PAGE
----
But Kojola is optimistic workplace safety enforcement will improve under the Obama administration. The administration has already taken significant and beneficial steps, he says, including expediting the development of a standard on diacetyl, a chemical in the flavoring for buttered popcorn which can cause a serious and fatal lung disease when inhaled by factory workers.

The Obama administration also issued an advance notice of proposed rulemaking on the hazards of combustible dust — a measure the Bush administration refused to take even after 14 workers were killed by a combustible dust explosion at a sugar refinery in Georgia.

“Already, within the first couple months, [the Obama administration] has taken more decisive steps than the Bush administration did in eight years,” Kojola says. The Obama proposed budget released in May allocated OSHA a $51 million increase over last year.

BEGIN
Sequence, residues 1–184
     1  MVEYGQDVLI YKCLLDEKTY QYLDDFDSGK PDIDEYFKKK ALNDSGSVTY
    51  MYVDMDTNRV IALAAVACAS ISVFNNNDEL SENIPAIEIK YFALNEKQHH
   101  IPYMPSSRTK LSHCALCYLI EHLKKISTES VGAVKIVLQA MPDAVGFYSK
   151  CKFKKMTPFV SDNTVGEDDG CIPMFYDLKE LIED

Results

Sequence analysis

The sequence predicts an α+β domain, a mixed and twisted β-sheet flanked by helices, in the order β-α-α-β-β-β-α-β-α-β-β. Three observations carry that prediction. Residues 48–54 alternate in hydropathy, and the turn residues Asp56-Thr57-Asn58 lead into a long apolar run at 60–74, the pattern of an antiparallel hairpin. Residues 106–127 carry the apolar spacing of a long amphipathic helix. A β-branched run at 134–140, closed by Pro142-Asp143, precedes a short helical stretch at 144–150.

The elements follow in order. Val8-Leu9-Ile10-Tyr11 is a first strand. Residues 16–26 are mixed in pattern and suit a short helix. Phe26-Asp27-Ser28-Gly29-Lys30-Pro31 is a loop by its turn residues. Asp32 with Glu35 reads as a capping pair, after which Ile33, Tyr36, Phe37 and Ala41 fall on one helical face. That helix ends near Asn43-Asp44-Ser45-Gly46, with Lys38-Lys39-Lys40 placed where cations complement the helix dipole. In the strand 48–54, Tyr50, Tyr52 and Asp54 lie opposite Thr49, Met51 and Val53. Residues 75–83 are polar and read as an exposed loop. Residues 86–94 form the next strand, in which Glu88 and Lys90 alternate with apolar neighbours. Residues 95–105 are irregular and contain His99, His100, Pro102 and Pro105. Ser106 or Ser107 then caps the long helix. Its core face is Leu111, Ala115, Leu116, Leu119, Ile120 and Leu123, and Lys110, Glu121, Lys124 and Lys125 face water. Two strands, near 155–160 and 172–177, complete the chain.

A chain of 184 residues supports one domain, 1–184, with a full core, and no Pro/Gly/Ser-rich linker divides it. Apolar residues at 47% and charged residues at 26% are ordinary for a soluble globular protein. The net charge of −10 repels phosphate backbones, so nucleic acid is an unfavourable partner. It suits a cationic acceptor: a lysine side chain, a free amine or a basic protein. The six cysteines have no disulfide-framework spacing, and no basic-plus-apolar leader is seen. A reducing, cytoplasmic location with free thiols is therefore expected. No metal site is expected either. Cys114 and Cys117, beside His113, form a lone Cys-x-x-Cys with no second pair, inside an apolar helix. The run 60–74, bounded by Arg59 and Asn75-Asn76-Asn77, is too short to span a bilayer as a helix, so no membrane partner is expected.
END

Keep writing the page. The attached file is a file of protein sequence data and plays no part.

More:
— Jennifer Wedekind

Radioactive Mining

As the resource sector carries the Australian economy through the global financial crisis, significant uranium deposits lie dormant and undeveloped in Australia’s outback. Spurred by the possibility of the Australian economy sliding into recession, Australian state and federal governments have been busily removing the barriers to further uranium mining within Australia.

If capital is scarce, then rainfall is scarcer in the mostly arid state of South Australia. Within this state are the currently operational Beverly and Olympic Dam uranium mines, as well as the Honeymoon mine, which has recently received approval for construction to commence. These mines all require copious amounts of water to function.